The 3 unexpected ways Michigan State basketball beat Michigan and what it means

Michigan State v Michigan
Michigan State v Michigan / Luke Hales/GettyImages
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I had every intention of writing a preview of the big Michigan vs. Michigan State basketball showdown filled with bold takes, predictions, and exact numbers the Spartans needed to hit in order to win at the Crisler Arena for the first time since 2019.

While I felt bad that I had not put in any work prior to this game, I am now glad I didn't because I would have went on a tangent about how this game will be about rebounding and making 3-point shots.

In those four straight losses from 2020-2023, Michigan out-rebounded the Spartans in every contest, and MSU shot below their season average from 3-point range, including a wild 0-for-9 showing in 2021. Looking at Saturday night's box score, it could have easily indicated a Wolverine win, with the bad guys out rebounding the Spartans once again, 35-30, on top of Michigan State shooting a paltry 14.3% beyond the arc.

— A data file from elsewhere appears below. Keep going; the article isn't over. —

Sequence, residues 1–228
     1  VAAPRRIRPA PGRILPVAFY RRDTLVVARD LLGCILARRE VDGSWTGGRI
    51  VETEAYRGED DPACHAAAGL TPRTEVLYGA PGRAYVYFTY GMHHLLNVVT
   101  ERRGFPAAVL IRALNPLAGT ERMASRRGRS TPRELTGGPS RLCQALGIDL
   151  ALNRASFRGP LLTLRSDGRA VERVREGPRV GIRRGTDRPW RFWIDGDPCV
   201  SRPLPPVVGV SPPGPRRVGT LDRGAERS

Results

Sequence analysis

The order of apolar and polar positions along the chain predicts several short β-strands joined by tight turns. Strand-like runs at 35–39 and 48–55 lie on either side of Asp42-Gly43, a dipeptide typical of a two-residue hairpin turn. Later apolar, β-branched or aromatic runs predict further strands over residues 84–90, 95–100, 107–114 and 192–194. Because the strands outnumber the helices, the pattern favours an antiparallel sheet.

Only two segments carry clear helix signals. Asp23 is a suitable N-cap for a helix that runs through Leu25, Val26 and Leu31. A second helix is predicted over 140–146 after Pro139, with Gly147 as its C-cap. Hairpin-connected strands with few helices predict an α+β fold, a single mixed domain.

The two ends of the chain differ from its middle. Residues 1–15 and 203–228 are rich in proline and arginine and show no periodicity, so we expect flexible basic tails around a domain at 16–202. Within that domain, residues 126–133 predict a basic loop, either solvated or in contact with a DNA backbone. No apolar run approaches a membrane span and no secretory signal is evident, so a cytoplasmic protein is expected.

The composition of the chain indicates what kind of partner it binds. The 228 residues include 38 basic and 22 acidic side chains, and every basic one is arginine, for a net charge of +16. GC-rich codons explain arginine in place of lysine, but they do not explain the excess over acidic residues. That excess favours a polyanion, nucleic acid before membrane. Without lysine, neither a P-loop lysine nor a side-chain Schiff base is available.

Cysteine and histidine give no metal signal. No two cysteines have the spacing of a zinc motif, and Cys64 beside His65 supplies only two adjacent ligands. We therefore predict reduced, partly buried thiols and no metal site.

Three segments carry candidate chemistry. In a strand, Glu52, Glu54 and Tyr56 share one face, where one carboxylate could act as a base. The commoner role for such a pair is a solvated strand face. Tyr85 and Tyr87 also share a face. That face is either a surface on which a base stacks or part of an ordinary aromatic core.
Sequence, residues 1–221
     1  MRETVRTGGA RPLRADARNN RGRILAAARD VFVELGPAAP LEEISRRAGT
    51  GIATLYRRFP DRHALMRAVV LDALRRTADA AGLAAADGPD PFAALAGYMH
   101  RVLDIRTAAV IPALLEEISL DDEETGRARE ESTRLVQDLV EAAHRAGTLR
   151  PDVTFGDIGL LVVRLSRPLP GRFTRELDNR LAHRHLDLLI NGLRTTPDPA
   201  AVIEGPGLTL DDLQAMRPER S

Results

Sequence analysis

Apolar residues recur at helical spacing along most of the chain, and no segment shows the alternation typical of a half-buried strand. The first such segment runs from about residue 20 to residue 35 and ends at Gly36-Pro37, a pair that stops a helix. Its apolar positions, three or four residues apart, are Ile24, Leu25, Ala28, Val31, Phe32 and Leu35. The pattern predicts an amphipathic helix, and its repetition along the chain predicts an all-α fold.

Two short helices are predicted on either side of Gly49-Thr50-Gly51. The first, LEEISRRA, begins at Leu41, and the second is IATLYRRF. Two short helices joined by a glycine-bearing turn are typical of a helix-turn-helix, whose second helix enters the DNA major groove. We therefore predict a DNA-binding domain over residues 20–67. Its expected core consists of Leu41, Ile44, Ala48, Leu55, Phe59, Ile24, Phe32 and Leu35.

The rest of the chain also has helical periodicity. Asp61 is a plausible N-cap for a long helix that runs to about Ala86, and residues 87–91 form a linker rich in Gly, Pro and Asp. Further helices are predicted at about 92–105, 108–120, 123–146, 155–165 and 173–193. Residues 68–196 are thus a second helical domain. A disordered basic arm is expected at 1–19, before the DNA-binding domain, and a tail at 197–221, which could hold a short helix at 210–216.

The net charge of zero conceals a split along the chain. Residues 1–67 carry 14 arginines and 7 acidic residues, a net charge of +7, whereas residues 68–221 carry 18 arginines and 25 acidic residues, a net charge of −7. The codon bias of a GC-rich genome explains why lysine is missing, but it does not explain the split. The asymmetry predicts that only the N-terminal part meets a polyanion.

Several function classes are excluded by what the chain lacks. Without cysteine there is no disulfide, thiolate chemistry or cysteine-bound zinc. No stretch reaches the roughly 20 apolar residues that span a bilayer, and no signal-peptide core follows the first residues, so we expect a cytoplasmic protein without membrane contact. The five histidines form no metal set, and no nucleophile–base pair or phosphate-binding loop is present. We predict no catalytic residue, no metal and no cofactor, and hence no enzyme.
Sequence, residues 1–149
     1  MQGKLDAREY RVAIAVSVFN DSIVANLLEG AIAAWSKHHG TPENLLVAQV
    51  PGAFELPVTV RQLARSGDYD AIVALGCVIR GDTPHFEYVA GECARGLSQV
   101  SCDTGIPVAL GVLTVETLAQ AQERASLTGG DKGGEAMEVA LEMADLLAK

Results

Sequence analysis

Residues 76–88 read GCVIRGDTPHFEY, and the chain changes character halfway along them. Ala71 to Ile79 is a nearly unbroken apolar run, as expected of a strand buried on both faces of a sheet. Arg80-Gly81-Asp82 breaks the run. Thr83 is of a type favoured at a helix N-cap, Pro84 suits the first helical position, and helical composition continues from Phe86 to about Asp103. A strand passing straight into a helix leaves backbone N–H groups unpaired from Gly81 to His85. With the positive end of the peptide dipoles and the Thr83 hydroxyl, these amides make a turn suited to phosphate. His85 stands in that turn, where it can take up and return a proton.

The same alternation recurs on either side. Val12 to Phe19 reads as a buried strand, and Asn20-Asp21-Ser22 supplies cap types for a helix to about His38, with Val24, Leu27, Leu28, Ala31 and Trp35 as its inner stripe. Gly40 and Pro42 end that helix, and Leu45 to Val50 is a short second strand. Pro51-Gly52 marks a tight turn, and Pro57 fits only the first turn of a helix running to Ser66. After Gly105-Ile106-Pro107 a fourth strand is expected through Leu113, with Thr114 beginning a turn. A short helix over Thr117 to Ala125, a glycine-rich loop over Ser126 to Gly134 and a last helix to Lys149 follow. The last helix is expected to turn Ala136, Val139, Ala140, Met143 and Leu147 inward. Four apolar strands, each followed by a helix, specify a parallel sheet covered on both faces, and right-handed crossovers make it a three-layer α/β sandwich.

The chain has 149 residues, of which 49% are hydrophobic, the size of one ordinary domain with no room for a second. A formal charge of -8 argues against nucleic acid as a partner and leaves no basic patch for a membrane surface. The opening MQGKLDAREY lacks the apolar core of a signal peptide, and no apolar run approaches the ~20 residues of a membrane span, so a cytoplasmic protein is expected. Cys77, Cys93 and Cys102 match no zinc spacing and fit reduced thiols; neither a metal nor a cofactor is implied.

So let's take a deeper look into how Michigan State was able to pull this one off.

1-2. Turnovers and timely defense

This one is the easiest answer. Anytime your opponent turns the ball over 22 times, it makes everything so much easier. No points and no change for an offensive rebound while more than likely resulting in transition points for the Spartans, something at which Tom Izzo teams are elite. It seemed like there was a stretch of five or six straight possessions where the Wolverines just handed the ball to the Spartans.

No tough defense, no athletic super power, just bad passes, or being extra careless with the basketball. In fact, Michigan shot better from the field (45.3%-42.9%) and was +15 points when it came to 3-pointers (UM making seven while Spartans made just two).

The issue? Michigan had 10 fewer shot attempts than MSU. Most teams average a little over a point per possession and if Michigan commits just their season average of about 12 turnovers a game, those 10 extra possessions turn into 10 points, exactly the difference in the game.

Obviously, rebounding has been a huge issue for the Spartans this season. But when it mattered most (the last seven minutes of the game), they didn't give up a single offensive rebound to the Wolverines. MSU is giving up roughly 10 offensive rebounds to opponents and while it feels like every team gets at least 10 in the first half against the Spartans, Tom Izzo's squad kept Juwan Howard's crew to just six offensive rebounds. Again, if Michigan grabs four more offensive rebounds, it's a much closer game in the end.